Lahaina Animal Farm
Lahaina's famous Animal Farm-a combination youth hostel, emergency crash pad and home-away-from-home for more than three years-is out of business at last.
To the joy of neighbors and the dismay of homeless young mainlanders, the big old house on the ocean at 417 Front St. has been taken back by its owner.
Mrs. Virginia Mullins, her husband, their three children, and their extended "family" of some 20 or more young people have moved out.
The owner, a businessman who lives in Japan, first asked the Mullins family to leave the house last January. The businessman said complaints had been received about the large number of persons living in the house.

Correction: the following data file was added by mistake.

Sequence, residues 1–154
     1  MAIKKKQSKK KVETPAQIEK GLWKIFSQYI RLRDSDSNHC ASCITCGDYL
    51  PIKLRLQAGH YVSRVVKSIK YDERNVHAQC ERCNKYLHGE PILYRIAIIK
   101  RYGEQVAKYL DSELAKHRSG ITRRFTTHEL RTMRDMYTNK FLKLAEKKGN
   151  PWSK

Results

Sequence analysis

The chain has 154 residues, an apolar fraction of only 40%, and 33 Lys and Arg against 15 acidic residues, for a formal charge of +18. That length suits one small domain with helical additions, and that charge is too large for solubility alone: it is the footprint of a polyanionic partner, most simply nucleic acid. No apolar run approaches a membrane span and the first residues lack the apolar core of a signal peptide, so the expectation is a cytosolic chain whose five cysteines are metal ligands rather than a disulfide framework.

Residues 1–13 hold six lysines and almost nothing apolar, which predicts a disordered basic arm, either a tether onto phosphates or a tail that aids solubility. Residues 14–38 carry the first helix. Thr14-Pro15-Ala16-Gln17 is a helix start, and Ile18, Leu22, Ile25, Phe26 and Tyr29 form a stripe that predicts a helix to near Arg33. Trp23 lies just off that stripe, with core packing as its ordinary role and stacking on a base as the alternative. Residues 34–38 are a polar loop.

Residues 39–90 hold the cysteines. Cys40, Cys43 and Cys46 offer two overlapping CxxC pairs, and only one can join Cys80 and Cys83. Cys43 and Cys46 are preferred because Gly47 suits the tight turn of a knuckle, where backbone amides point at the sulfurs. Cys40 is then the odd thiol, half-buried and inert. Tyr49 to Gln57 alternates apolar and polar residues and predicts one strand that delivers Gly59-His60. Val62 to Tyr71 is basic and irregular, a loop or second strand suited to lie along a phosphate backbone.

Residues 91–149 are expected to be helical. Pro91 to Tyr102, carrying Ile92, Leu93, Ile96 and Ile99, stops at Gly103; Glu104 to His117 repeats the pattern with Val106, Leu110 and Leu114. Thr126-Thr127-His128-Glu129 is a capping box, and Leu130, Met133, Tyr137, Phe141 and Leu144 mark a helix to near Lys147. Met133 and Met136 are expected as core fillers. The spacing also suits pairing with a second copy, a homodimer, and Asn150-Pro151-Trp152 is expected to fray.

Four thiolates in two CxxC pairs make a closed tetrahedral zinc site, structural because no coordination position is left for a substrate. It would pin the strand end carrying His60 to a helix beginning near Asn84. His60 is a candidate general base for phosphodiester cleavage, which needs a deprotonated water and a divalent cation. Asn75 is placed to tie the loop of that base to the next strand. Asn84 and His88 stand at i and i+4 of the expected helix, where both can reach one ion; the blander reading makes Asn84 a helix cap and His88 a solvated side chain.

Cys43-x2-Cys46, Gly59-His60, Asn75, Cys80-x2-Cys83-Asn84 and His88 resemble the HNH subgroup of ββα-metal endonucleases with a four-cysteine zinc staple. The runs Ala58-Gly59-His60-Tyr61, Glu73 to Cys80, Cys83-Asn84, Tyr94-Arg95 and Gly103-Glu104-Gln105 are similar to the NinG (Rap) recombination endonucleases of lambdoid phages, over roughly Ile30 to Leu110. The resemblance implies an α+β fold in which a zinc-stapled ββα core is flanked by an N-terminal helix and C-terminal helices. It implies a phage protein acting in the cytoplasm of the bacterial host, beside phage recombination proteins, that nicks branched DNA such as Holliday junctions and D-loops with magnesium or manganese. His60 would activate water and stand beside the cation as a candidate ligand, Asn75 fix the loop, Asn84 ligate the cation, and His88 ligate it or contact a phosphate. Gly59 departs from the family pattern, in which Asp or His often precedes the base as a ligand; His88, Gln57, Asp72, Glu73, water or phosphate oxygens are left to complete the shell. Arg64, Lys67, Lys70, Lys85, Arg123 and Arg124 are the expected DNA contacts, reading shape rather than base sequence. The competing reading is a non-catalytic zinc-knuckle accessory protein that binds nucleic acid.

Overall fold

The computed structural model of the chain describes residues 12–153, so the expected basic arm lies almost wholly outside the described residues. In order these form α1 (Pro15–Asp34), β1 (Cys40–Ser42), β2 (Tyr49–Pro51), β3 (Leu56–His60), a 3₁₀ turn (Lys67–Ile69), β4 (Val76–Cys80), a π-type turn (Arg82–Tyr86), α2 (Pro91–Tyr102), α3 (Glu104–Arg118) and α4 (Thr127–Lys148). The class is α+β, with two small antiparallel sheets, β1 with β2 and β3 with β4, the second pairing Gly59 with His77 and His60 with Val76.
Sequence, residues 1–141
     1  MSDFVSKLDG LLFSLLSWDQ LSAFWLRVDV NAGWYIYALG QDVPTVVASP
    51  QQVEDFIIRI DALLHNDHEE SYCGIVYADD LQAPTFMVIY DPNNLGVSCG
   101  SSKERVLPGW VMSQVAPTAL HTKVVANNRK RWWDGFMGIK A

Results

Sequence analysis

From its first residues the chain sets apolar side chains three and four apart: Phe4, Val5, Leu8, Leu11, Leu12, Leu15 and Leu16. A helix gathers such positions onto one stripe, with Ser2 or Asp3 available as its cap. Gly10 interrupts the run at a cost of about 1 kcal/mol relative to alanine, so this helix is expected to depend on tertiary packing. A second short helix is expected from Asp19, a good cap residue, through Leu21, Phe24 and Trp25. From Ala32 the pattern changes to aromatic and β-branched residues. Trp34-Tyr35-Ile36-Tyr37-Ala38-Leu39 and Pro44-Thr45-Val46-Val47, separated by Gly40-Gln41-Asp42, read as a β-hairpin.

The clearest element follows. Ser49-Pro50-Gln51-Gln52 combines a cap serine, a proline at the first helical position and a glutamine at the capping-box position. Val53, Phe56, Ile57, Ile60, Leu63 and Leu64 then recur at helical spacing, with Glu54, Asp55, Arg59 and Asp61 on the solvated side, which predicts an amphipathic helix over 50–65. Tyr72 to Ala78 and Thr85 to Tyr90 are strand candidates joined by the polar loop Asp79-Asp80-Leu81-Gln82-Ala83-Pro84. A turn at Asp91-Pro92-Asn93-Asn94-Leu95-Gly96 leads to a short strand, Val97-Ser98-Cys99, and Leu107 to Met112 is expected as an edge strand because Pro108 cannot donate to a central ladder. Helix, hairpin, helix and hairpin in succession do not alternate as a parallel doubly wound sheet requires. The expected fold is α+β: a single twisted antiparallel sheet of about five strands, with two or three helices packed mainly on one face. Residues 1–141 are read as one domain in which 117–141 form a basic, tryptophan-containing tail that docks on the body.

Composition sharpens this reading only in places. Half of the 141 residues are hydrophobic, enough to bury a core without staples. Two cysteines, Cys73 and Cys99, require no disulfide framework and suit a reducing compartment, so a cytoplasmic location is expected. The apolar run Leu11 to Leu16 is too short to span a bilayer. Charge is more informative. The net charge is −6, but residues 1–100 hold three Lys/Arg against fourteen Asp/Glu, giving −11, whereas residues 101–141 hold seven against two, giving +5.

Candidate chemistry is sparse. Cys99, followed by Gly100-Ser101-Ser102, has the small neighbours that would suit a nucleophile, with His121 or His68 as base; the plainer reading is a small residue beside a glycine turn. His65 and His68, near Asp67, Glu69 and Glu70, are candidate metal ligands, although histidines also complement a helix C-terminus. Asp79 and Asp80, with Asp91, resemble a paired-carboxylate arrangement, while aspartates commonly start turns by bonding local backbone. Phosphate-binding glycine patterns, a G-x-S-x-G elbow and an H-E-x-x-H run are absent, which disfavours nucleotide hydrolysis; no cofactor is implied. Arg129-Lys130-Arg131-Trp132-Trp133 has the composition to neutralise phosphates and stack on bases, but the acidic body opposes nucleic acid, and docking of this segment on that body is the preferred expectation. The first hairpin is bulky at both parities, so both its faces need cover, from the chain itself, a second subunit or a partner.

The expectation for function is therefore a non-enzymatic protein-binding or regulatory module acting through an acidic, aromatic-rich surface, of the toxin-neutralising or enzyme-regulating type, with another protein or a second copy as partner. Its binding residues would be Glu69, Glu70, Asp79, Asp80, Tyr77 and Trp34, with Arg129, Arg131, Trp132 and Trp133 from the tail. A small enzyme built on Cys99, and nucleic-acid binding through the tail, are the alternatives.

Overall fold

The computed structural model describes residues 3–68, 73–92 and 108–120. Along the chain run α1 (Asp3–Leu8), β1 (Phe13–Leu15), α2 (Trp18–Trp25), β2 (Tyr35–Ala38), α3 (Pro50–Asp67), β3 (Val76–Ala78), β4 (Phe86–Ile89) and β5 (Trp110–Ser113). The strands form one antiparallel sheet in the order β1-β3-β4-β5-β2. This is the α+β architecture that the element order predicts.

But Mrs. Mullins and her huge family received a reprieve last week. She said some of the young people were able to move into a west Maui condominium where the manager permits several persons to to together in renting one unit.
She said she and her husband have not yet found a place for their own immediate family.
Because of the lack of housing in the Lahaina area, Mrs. Mullins had accepted all the young people she could handle at the house. Persons who lived there regularly helped pay the $450 per month rent.
Buck Quayle at the Maui Lahaina Sun bureau circa 1970
Reporter/Photographer Buck Quayle in 1971 in Maui with the Cartagenian in the background
Another Day At The Office Haleakala National Park